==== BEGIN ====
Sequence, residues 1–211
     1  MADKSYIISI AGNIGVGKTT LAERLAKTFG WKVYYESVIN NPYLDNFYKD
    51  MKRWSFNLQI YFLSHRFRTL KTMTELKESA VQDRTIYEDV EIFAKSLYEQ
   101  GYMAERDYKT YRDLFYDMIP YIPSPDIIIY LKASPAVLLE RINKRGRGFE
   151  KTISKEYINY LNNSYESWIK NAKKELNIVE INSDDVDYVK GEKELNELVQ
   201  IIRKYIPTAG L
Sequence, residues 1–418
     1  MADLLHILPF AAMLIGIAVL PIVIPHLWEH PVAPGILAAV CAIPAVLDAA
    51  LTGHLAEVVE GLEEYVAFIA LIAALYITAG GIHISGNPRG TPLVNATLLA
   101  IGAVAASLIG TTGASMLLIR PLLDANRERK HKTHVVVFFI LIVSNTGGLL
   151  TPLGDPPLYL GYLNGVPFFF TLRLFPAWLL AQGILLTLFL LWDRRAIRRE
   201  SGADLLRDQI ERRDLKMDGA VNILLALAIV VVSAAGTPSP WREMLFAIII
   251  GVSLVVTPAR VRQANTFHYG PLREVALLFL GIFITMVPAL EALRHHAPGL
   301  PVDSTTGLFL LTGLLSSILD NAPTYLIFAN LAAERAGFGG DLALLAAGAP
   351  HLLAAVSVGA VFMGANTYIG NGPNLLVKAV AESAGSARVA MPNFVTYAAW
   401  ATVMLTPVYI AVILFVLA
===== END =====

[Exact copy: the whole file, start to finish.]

Sequence, residues 1–211
     1  MADKSYIISI AGNIGVGKTT LAERLAKTFG WKVYYESVIN NPYLDNFYKD
    51  MKRWSFNLQI YFLSHRFRTL KTMTELKESA VQDRTIYEDV EIFAKSLYEQ
   101  GYMAERDYKT YRDLFYDMIP YIPSPDIIIY LKASPAVLLE RINKRGRGFE
   151  KTISKEYINY LNNSYESWIK NAKKELNIVE INSDDVDYVK GEKELNELVQ
   201  IIRKYIPTAG L
Sequence, residues 1–418
     1  MADLLHILPF AAMLIGIAVL PIVIPHLWEH PVAPGILAAV CAIPAVLDAA
    51  LTGHLAEVVE GLEEYVAFIA LIAALYITAG GIHISGNPRG TPLVNATLLA
   101  IGAVAASLIG TTGASMLLIR PLLDANRERK HKTHVVVFFI LIVSNTGGLL
   151  TPLGDPPLYL GYLNGVPFFF TLRLFPAWLL AQGILLTLFL LWDRRAIRRE
   201  SGADLLRDQI ERRDLKMDGA VNILLALAIV VVSAAGTPSP WREMLFAIII
   251  GVSLVVTPAR VRQANTFHYG PLREVALLFL GIFITMVPAL EALRHHAPGL
   301  PVDSTTGLFL LTGLLSSILD NAPTYLIFAN LAAERAGFGG DLALLAAGAP
   351  HLLAAVSVGA VFMGANTYIG NGPNLLVKAV AESAGSARVA MPNFVTYAAW
   401  ATVMLTPVYI AVILFVLA